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Keeping Off Holiday Pounds

The holidays are upon us and with them come the tempting treats offered up at office parties and neighborhood gatherings. Despite our best efforts to have “just one,” those little extras can add up.

So what’s the harm in a little holiday weight gain, especially if it’s just a pound? According to researchers at the National Institutes of Health, most Americans never lose the weight they gain during the winter holidays. And when those pounds start to add up year after year, holiday weight gain can become an important factor in adult obesity.

The good news? You don’t have to fall into this trap! It is possible to enjoy holiday goodies without putting on a single pound. The answer? Portion control! But we know, that’s easier said than done, so we’ve put together a few tips to help you combat to temptation to over indulge.

1. Never Arrive Hungry
Planning ahead can help you maintain composure when you come face to face with those chocolate goodies. Try to have a nutritious snack before or drinking some water before adding to your plate.

2. Divert Your Attention
As hard as it may be to believe, there is more to a holiday party than the food! Divert your attention away from the food table and towards your friends and family. This may be the chance you’ve always wanted to get to know your great aunt just a little bit better.

3. Pace Yourself
Keep control of how much you each by taking your time. Don’t try to only eat for 30 minutes – you’ll end up just cramming in more food. Chew slowly and take your time in order to stay in control.

4. Limit Your Alcohol
Avoid drinking too much alcohol at holiday parties. Besides the obvious reasons and potential embarrassments, drinking too much can help you lose control over what you eat.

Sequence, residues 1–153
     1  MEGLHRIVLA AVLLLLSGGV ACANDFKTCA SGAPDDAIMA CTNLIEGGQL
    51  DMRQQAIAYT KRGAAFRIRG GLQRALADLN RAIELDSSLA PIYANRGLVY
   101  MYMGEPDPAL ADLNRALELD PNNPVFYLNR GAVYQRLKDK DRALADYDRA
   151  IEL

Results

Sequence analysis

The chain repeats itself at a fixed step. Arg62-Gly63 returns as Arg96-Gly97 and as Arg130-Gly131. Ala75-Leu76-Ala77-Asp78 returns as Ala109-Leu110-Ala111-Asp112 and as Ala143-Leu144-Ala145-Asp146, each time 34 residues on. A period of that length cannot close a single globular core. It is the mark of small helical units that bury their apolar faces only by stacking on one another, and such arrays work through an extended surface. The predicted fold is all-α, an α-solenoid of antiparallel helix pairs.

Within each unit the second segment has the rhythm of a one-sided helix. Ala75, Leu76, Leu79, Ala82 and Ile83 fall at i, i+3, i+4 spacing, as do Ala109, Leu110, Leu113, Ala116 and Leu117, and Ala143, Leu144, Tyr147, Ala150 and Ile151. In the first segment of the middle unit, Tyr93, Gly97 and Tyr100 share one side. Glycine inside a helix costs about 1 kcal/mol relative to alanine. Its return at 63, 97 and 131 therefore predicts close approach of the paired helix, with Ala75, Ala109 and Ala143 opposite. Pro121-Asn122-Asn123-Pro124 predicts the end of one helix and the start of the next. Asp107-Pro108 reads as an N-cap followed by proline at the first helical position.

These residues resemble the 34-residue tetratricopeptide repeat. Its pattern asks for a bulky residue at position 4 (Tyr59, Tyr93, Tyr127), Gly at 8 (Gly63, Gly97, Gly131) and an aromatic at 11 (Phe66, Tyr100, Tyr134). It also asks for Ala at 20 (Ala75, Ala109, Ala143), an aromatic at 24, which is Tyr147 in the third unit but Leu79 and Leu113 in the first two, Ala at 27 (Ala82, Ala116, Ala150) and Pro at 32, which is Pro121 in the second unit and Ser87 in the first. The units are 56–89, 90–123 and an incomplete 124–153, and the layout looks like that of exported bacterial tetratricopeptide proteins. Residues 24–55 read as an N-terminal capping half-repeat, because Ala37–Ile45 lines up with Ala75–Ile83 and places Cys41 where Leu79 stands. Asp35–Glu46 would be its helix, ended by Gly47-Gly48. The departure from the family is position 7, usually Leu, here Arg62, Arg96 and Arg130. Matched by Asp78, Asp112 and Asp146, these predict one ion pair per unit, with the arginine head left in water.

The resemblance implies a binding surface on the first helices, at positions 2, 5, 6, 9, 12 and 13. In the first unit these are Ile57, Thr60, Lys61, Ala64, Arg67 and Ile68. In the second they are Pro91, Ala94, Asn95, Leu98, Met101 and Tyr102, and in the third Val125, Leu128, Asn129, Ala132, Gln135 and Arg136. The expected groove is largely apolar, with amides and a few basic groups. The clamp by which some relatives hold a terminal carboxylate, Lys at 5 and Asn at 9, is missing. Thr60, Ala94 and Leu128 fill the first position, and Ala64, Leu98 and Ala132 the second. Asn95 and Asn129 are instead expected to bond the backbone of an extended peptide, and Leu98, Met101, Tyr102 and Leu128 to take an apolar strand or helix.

5. Be Choosy About Sweets
When it comes to dessert, be very selective. Know your limits – everyone has a different level of self-control. If you’re not able to try “just one” then don’t try any at all!

6. Bring Your Own Treats
Whether you’re going to a friend’s party or office potluck, consider bringing a low-calorie treat that you know you’ll enjoy. Bringing your own dessert will make the more fattening alternatives less tempting.

7. Walk It Off
Make a new holiday tradition: the family walk. Besides burning some extra calories, this will get everyone away from the food for a while.

At Victory Weight Loss and Wellness, we help you take control of your weight loss success. Our physician-supervised weight loss programs are customized for your individual goals and needs. If you’re ready to start the journey to a new, healthy you, contact our office today to schedule a free consultation.

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Are Your Hormones Making You Fat?

We tend to compartmentalize our hormones and our diet into separate areas of health. But did you know they actually work together? And in some cases, can actually work against each other! If you feel you’re doing everything right with your diet and exercise routine, but still aren’t shedding the pounds, your hormones could be the cause.

Hormones are important to all body functions and play a significant role in your ability to lose and maintain a healthy weight. There are many hormonal imbalances that can occur in the body such as: elevated insulin, elevated cortisol, elevated or decreased estrogen, low testosterone, low DHEA, and hypothyroidism.
It is important to recognize possible imbalances that may be occurring in the body and correct them in order to reach your weight loss goals.

Elevated Insulin
Insulin, or the fat storage hormone, has a very important job. It processes sugar in the bloodstream and carries it to your cells where it’s either used for energy or stored. Elevated levels of insulin can be caused by excess consumption of carbohydrates.

A diet high in carbohydrates, such as processed foods and sugary beverages, in combination with a low protein and low fiber intake, can lead to fat storage, weight gain, and high insulin levels.

Poor diet along with lack of exercise, alcohol consumption, stress, and high blood pressure can lead to chronically high levels of insulin and the development of Type 2 diabetes.

Chronic Cortisol
High levels of cortisol can be harmful to your health. Studies indicate that a high stress level can contribute to the accumulation of belly fat. Cortisol levels are higher in people who suffer from conditions such as anxiety, depression, PTSD, and excessive fatigue.

Not only does elevated cortisol lead to belly fat, it also increases appetite and cravings. This is why people turn to “comfort foods” when feeling significant amounts of stress!

What is the best way to combat high cortisol? Get some sleep! At least 7 hours a night. It is also important to eat a high protein breakfast and find an outlet for all that stress. Activities such as yoga, meditation or even taking a long walk can help decrease stress.

Estrogen